LISSIE Harper's journey to introduce Harper's Law in memory of her husband Andrew is being supported by the Prison Officers' Association (POA).

The organisation said it is standing 'side by side' with PC Andrew Harper's widow Lissie as she tries to get Harper's Law passed.

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The law would see criminals convicted of killing emergency services workers jailed for life.

General Secretary Steve Gillan met with Lissie and Andy Fiddler from Thames Valley Police (TVP) Federation this week to offer them the Association#s support.

The POA represents more than 30,000 men and women working in jails and secure psychiatric care in the United Kingdom.

Steve said: "It was an honour to meet with Lissie, she is such an incredible person, and to hear more about her important campaign and to offer our full support to it.

"We need tougher sentences to act as a deterrent so we can protect the protectors and their families.

"As an association, we are proud to stand side by side with Lissie and her campaign."

Steve is hopeful that new laws being introduced by the government giving magistrates and judges powers to hand down up to two years in prison to those who assault emergency service workers will sow the seeds for stricter legislation against those who kill.

"The good news is that the Harper's Law campaign seems to have cross-party support," he added.

"There will be bumps in the road from a legal framework point of view and magistrates and judges must use any new powers, but I'm certain the public is fully behind Lissie and Harper's Law."

Steve said he knows POA members would welcome the law making the statute books too.

"Some of our members have come close to losing their lives due to being assaulted at work – it is horrendous," he said.

"Society has become a little bit broken; it's almost a badge of honour if you assault a prison officer or a police officer.

"We need stronger legislation as a deterrent, for the courts to view attacks and assaults seriously, and to ensure the CPS prosecutes when it should do."

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Lissie said: "I've been overwhelmed with the amount of support I've received for Harper's Law.

"It was great to meet with Steve who is a passionate advocate for the safety, welfare and wellbeing of prison officers.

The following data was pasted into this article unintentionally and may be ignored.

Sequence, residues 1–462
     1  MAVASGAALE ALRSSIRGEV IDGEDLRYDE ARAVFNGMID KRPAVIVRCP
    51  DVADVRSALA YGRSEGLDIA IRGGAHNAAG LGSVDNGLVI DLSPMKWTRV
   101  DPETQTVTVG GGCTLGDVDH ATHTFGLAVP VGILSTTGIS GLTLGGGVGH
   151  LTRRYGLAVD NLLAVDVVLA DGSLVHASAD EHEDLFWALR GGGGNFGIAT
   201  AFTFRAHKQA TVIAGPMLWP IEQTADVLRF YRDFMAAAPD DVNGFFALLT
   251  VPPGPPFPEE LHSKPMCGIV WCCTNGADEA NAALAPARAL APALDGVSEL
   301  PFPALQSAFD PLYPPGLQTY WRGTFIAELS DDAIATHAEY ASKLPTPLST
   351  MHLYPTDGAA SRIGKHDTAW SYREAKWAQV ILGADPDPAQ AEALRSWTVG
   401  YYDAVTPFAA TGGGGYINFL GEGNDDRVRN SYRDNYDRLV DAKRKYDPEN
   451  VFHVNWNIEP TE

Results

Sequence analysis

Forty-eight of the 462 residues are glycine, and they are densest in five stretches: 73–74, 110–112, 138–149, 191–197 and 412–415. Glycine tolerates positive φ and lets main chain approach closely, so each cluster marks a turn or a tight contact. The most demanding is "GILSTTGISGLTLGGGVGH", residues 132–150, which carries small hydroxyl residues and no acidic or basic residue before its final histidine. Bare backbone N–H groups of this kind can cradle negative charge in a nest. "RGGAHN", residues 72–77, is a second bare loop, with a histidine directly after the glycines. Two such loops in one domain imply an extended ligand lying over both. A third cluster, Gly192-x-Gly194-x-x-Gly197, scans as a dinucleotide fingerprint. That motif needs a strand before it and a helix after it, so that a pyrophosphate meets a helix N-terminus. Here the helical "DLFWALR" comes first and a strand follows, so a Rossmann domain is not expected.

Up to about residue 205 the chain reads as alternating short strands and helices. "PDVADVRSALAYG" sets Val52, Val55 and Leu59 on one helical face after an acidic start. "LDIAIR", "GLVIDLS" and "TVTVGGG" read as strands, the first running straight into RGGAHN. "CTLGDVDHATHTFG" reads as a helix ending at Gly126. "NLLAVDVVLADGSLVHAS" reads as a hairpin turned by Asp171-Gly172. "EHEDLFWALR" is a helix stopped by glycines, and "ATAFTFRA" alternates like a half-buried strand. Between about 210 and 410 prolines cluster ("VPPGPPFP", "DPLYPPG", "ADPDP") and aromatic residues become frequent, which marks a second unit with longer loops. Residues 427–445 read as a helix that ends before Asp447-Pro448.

"We look forward to working with Steve and The Prison Officers' Association as the campaign continues."

The Harper's Law campaign – which has the full backing of the Police Federation of England and Wales - was launched by Lissie after TVP officer husband Andrew was tragically killed on duty in August last year.

The perpetrators Henry Long, Albert Bowers and Jessie Cole, were convicted of manslaughter but cleared of murder. Long was jailed for 16 years and Bowers and Cole for 13 years.

The Attorney General is currently reviewing their sentences to see if they were too lenient.

"I understand the sentences, in this case, are under review, but I - like most people - was shocked to see the lenient sentences which were given," Steve said.

Harper's Law will mean a person found guilty of killing a police officer, firefighter, nurse, doctor, paramedic or prison officer as a direct result of a crime they have committed then they would be jailed for life.

This means that a life sentence would be imposed, asking for a minimum term in prison.

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Lissie has met with Home Secretary Priti Patel and Justice Secretary Robert Buckland to discuss her plans for Harper's Law and has also achieved cross party support as Labour has backed her campaign.

The matter is now being worked on with Civil Servants.

Lissie added: "It's so clear to see that the people of our country are unhappy with the way we deal with criminals – I've been swamped with messages and words of agreement over the despicable outcome following the trial of Andrew's killers.

"We all want change, not a small minority of people, but hundreds of thousands of people hope to see Harper's Law accomplished.

"I remember sitting in court when the verdict came in against those who killed Andrew and feeling totally helpless.

"I remember feeling so let down by our justice system and the laws that we have in place.

"It was then, and when it came to sentencing, that I knew that something had to change.

"We need strong deterrents and appropriate punishment for heinous crimes."